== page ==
A madcap atmosphere, ridiculously happy characters (they are really, really “jolly” as per the title), and an illogical storyline are part of the charm of this film, but it is also filled with wonderful cinematic moments.  The opening scene consists of what looks like one long tracking shot of the shepherd as he bounces through town with a few followers and some of his animals. The scene lasts about four or five minutes and follows the shepherd from one end of the village to the other. It appears to be one shot, but it is actually several shots cut together in such a way as to mask the edits — much like Hitchcock would do with Rope 14 years later.  It looks surprisingly modern because so many contemporary movies have opened similarly with a tracking shot following a character as he walks through a complicated setting. Even more remarkable is the fact that this shot was accomplished on location in a Russian village, and the camera tracks along a dirt road, through plowed gardens, and up steep hills fairly smoothly. The opening shot immediately introduces movement and energy into the movie, setting the pace for the rest of the film.

 When the shepherd gets to work, he lines up his animals and conducts a roll call in a humorous scene that reminded me of Eisenstein’s use of animal symbolism in his famous montage sequences. In the scene, a shot of the shepherd calling out the name of an animal is followed by a cut to the animal. This shot/counter shot becomes the basis of the humor. For example, the shepherd calls out “Secretary,” and Alexandrov cuts to a shot of a lamb; he calls out “Bureaucrat” and then cuts to a shot of an old goat. When he calls out “Maria Ivanovna,” a shot of a cow stuck in the mud comes next. I had to look that one up. Apparently, Maria Ivanovna was one of the wives of Ivan I, Prince of Moscow who appropriated Russian land when other princes defaulted on their debts. Though I do not know what it was about Maria Ivanovna that would warrant a comparison to a cow, I could tell from the context that it was an insult. The funniest example occurs when the shepherd calls out “English ladies,” and Alexandrov cuts to several pigs in the mud. Though much simpler than Eisenstein’s use of true montage, this scene is dependent on editing in order for the joke to work.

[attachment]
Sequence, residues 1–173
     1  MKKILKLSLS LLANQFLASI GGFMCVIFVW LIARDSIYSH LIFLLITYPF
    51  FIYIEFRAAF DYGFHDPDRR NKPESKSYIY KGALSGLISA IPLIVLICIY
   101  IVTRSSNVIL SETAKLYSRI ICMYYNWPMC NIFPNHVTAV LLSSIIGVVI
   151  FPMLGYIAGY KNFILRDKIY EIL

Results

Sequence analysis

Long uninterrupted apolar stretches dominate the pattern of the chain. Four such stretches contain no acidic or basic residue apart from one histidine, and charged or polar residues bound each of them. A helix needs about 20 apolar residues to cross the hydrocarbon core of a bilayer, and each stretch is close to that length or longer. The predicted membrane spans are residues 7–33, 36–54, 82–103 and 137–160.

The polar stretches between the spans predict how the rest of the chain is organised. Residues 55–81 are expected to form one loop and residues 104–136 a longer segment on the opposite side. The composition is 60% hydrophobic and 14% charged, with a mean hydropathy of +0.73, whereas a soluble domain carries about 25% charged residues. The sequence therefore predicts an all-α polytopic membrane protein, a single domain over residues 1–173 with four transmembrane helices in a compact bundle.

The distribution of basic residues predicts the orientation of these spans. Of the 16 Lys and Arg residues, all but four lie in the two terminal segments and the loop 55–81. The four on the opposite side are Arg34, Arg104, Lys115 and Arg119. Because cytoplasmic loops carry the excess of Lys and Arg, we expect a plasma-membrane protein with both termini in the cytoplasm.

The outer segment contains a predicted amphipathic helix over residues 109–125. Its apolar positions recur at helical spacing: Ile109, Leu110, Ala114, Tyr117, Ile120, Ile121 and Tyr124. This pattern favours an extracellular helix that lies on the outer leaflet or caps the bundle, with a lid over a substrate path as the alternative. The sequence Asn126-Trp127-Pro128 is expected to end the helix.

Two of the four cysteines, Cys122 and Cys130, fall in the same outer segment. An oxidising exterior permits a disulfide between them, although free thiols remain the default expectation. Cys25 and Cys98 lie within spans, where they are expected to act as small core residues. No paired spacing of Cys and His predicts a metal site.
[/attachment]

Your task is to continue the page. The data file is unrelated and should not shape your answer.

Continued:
Much of the humor in the film revolves around the animals, including the first main sequence featuring Orlova. The shepherd is invited to the resort home of a wealthy family because they think he is the famous orchestra conductor. When asked to perform something, he pulls out his flute and begins playing, inadvertently calling his animals to the house. The animals climb through the windows and the French doors, creating chaos. They drink out of the open punch bowls of alcohol and become intoxicated. Pigs climb on the table and pass out on the dinner platter, a bull ends up in bed with an aristocratic woman, cows drink from a fish aquarium, Orlova gamely climbs on the back of a bull and tries to ride it out of the house, and much more.

[youtube=http://www.youtube.com/watch?v=RhhlVxCdqz4]
Later, when the setting changes to Moscow, and musical numbers follow each other in rapid succession, some of the precisely composed shots of multiple piano players or harp players are reminiscent of Busby Berkeley, an obvious influence on Alexandrov. Despite the amazing tracking shots, nicely arranged compositions, and offbeat humor, there are some awkward aspects to the film including some poor editing during the conversations and a few musical numbers that just aren’t appealing to non-Russian audiences.